I’ve always been interested in surrealism, but never quite enough to actually do any research into it beyond looking at some Salvador Dali paintings. But one reference to a surrealist work stuck with me. In the 2011 Woody Allen movie Midnight In Paris, the surrealist filmmaker Luis Bunuel makes an appearance and an allusion is made to one of his more famous films — the one in which a roomful of party guests are unable to leave after dinner.
Why can’t they leave? It isn’t really addressed in the passing reference. But it was an intriguing enough concept that I didn’t forget it. What happens to these people?
My local library came to my rescue. One of the Forbes Library’s many programs is a monthly film discussion group on strange, “far out” films. The Exterminating Angel by Bunuel — which turned out to be the dinner party movie — was this month’s flick.
The group doesn’t screen the movie; it only discusses it. So watching the movie was up to me. Forbes had one copy left and I took it out, finally finding out what this movie was all about.
The black-and-white Spanish language film was made in 1962. I read along with the subtitles as the ensemble cast fell further into chaos. Days became weeks became … we never know how long … as the protagonists remained stuck in the same room with the same people. While the setting is an upper-class dining and living room, the movie descends into the dark, dirty depths of human psychology a la Lord of the Flies.
A synopsis: about 20 guests go to the home of their hosts Edmundo and Lucia Nobile. They are waited upon by a group of servants, but — strangely — all of the servants except for one make excuses and leave the house early. The guests, on the other hand, stay well past dinner. They retire into a room with a piano, and every time they try to leave, they find they are unable to do so. At first, they all just chalk it up to having a good time and wanting to stay, but they eventually realize that — try as they might — they cannot compel themselves to move past the room’s threshold. Likewise, no one outside can enter the house. The guests manage to break open a pipe to supply them water, so they are able to subsist, but not everyone survives to the end. Eventually, after what must have been weeks or months, the spell is broken, ostensibly by all of them coincidentally returning to where they started the evening.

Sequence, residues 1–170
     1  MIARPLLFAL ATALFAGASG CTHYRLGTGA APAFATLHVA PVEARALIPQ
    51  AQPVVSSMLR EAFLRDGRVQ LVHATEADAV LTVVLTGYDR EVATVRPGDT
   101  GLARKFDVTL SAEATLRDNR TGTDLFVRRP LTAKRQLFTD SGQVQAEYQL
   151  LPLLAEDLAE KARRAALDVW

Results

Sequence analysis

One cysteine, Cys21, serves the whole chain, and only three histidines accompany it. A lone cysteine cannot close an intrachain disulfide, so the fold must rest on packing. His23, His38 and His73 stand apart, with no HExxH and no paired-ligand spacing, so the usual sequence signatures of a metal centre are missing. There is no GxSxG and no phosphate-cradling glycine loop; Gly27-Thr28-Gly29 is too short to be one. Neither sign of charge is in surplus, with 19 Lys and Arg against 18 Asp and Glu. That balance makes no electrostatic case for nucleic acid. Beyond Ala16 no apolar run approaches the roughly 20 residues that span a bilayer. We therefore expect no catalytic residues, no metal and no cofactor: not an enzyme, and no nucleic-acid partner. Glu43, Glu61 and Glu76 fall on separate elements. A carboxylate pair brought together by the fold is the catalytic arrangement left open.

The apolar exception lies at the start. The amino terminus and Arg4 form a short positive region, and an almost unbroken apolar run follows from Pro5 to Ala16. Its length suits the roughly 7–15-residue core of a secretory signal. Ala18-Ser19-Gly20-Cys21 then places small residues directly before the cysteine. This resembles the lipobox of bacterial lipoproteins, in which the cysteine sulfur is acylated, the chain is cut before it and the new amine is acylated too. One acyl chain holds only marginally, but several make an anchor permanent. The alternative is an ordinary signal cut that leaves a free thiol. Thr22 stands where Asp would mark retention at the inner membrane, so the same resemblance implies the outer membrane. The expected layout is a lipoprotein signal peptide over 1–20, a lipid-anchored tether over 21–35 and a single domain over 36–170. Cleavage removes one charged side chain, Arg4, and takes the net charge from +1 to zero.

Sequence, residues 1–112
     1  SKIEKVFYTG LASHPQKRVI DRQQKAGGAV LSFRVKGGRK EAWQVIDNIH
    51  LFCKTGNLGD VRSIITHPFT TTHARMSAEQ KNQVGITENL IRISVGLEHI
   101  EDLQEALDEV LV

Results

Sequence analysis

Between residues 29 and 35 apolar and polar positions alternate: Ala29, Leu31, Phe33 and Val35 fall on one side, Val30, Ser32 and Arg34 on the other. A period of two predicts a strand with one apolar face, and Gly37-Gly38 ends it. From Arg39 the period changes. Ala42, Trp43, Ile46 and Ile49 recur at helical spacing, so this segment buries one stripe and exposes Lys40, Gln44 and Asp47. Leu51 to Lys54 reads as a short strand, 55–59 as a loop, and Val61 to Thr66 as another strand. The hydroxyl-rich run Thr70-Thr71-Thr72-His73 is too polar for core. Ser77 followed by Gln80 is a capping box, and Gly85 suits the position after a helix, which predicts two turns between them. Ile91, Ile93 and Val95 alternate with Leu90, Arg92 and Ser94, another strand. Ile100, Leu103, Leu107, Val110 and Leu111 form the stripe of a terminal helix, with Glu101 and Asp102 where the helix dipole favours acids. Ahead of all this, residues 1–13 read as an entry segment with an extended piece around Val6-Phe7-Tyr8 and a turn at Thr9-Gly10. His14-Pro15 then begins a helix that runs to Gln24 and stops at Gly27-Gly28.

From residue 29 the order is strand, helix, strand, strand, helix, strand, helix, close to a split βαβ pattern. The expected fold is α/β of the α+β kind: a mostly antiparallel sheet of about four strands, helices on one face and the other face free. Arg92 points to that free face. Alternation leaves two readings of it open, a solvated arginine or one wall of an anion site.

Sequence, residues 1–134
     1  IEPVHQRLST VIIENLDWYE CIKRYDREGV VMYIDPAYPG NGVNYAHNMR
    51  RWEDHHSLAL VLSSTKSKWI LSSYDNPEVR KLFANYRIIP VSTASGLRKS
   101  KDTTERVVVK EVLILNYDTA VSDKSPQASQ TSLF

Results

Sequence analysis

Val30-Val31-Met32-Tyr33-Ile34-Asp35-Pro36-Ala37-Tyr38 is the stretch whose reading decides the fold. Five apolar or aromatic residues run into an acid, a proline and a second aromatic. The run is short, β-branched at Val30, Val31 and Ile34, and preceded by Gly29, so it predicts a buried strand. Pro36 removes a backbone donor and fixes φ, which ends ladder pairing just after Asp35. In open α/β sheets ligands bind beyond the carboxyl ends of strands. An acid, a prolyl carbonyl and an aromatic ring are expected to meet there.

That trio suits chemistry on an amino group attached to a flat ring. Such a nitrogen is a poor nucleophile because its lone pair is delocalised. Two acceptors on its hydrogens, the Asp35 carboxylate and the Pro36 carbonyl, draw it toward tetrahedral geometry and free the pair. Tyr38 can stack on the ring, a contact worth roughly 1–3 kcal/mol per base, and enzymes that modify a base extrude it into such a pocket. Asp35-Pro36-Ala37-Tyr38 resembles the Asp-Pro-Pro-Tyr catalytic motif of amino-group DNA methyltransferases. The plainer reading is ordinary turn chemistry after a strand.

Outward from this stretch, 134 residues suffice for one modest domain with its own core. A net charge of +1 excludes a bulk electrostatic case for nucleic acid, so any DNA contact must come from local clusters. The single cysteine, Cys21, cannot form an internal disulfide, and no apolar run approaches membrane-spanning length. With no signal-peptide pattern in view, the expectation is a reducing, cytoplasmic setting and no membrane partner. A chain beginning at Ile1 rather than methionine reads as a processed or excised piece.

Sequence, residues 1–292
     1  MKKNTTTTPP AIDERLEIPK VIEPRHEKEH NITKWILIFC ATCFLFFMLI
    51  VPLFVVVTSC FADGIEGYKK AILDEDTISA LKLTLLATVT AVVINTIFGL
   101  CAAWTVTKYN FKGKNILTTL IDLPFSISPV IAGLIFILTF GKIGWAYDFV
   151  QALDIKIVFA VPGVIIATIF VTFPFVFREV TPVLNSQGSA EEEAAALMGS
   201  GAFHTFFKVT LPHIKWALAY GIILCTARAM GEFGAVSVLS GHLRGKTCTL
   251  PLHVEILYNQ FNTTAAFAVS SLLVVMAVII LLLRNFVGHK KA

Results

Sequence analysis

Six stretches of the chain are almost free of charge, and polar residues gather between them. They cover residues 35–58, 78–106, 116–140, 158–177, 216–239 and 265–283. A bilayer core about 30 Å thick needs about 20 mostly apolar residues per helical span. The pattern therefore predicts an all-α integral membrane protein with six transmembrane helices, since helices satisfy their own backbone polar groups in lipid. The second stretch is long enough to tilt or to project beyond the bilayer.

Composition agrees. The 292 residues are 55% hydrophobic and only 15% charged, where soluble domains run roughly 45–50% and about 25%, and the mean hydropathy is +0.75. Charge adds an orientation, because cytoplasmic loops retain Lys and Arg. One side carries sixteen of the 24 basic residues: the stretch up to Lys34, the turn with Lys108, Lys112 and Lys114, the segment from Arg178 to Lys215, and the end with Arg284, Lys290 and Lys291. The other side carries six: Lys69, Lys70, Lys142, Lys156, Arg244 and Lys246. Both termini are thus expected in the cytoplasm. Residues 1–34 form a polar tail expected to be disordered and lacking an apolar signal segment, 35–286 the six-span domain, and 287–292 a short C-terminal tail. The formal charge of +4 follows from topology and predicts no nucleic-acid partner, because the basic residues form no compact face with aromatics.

It definitely sparked my curiosity what others might think of this grim surrealist work.
I headed down to the Forbes Library basement on Monday, July 31 — the discussions take place there the final Monday of the month — to hear what others thought of the movie.
One of the first to arrive, I take a seat among the semi-circle of tables and chairs, all facing a large screen. A library staff member — Jill — searches for the appropriate cable to hook into the projector system. One by one, the other film enthusiasts arrive — a dozen in all, and made up of a range of ages.
Another staff member, Steven, opens up the conversation, asking each of us our first impressions. Each person takes a turn. Some have seen the film before. Others react to the movie’s unique qualities (for one, there was no background music for the whole movie, meaning the dialog and performances carried almost all of the emotion).
One guy named Paul has done some reading on the movie, and shares a quote from Arturo Ripstein, a contemporary of Bunuel: “Time was abolished so only space happened in this film. Time was just a circle and when space becomes time the thing is solved.”
Hillary, who is seated next to me, says she had read nothing about the movie before going into it, and that it reminded her of a Portuguese novel called Blindness in which everyone goes blind at the same time.
Candace, across the room, is interested in how quickly the veneer of civilization falls apart, even as the characters are wearing their dinner dress clothes.
The discussion is free flowing, and while ostensibly there is a facilitator, ideas come from all sides of the room over the meanings of certain items in the movie — a bear and a collection of lambs — of the different characters — a doctor seems to hold together his sanity better than the rest — and what this situation might say about society in general. And then we talk about the title, The Exterminating Angel, which one attendee links to a scene in the Bible when an angel blocks the path of a donkey, freezing the animal in place.
Apparently the movie was very influential. To me it was a lot of nonsensical scenes smashed together. (Perhaps that is the point?) But discussion resumes over the meaning of surrealism in general and the thoughts of its practitioners.
I’ve never met any of these people before, but the discussion we’ve had feels refreshing.
As one person observed as we all left the room, it was nice to talk about something other than politics for a couple of hours.
Far Out Film Discussions take place the final Monday of the month at the Forbes Library Community Room starting at 7 p.m. August’s movie, Playtime, by Jacques Tati, is available through the reference department and the arts and music department.
Dave Eisenstadter can be reached at firstname.lastname@example.org.